On Saturday, June 25th, hip-hop icon Rakim dropped his new brand of weed called Higher Frequency.
Rakim says that name represents “things on a higher plane, a higher conscious level, higher frequency, higher energy level.”
He says he’s fascinated with frequency and vibration in relation to growing plants.
“I always had the vision of my mother and my grandmother singing to the plants,” Rakim said. “When I grew up, I realized it was the vibration.”
He says that when he went in the direction of forming his own weed brand, he was inspired by the idea of frequencies.
“Dealing with weed, once marijuana went mainstream and I had a chance to think about having my own marijuana bud, of course I start thinking of science,” Rakim said.
He’s now looking into bringing the concept into growing weed.
“Vibration and seeing if you can manipulate the bud and grow it at a higher frequency. That’s one of the plans, man. There’s certain frequencies that have certain properties,” he said, like creativity.
“I’m trying to create that and hopefully it’ll have an effect on the marijuana shelf,” Rakim said.
“Looking forward to just be creative at the same time be innovative, man, and push my project out there to people that have a certain feeling they want from the marijuana. I’m tryna serve them,” Rakim said.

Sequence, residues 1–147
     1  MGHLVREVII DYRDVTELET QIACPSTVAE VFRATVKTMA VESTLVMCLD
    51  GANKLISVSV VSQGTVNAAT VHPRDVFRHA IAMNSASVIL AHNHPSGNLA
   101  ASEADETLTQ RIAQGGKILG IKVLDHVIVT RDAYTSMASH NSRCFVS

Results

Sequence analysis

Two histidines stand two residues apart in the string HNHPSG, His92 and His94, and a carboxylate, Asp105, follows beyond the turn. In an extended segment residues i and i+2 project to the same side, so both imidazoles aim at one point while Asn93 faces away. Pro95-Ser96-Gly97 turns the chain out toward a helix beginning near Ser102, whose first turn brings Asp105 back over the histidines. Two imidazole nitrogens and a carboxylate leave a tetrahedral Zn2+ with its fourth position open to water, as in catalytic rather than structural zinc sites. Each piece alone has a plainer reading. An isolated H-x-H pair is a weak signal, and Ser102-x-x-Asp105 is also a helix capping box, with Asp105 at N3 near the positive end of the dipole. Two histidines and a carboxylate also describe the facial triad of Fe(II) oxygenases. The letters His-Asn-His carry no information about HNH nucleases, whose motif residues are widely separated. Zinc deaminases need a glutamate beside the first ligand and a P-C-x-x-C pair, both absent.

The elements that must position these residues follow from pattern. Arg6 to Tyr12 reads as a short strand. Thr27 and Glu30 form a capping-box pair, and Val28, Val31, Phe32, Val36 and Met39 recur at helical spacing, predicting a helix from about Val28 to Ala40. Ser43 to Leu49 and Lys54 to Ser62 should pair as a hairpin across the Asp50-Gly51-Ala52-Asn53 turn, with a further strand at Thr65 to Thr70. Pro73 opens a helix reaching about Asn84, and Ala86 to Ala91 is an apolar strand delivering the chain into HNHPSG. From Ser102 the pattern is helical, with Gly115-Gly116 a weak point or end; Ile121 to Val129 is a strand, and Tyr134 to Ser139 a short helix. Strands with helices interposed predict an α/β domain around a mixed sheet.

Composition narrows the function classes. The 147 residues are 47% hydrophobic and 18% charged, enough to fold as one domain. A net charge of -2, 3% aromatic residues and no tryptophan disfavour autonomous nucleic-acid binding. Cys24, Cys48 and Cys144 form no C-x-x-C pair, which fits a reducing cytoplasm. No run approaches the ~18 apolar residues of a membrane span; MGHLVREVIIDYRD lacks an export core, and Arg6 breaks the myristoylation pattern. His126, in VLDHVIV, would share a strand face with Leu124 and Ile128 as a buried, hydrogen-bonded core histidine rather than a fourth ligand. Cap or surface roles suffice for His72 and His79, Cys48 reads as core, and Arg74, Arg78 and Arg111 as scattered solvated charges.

Coming out of New York, Rakim came to prominence in the 1990s when his style of rap was so innovative, it is said to have changed the whole game ever since. Smoking weed has always been part of his creative process, he says.
“In the studio, roll something up and take yourself out of wherever you’re sittin. Always smoke somethin and just dig into my mind,” he said.
Higher Frequency cannabis held a soft launch in New York on 4/20 of this year and launched in California last weekend. Rakim says that both cities are important to him.
As for Cali weed, Rakim calls it “incredible.”
“California is like the mecca, if you ask me, in the United States for marijuana. Y’all was far ahead of all the other states in quality,” he said. “I definitely give props to Cali for pushing the envelope.”
Now he’s staring down the two biggest markets in the country.
“Like Frank said, if I can make it in New York, I can make it anywhere. But of course, I feel Cali is the mecca and New York is my stomping grounds and where I learned everything from,” Rakim said.
“It’s one of them things where it’s like, I hit two of the biggest markets in the United States and also word of mouth,” he said.
Higher Frequency offers sungrown cannabis from NorCal’s Emerald Triangle farmers. Rakim said it was important to him to work with legacy farms when coming into the California market.
“You got people that started the business that we kind of forget about, the farmers. So I wanted to make sure I incorporated them as well,” he said.
Sungrown represents the roots of weed cultivation, something that Rakim is sensitive to based on his own background as a groundbreaking artist.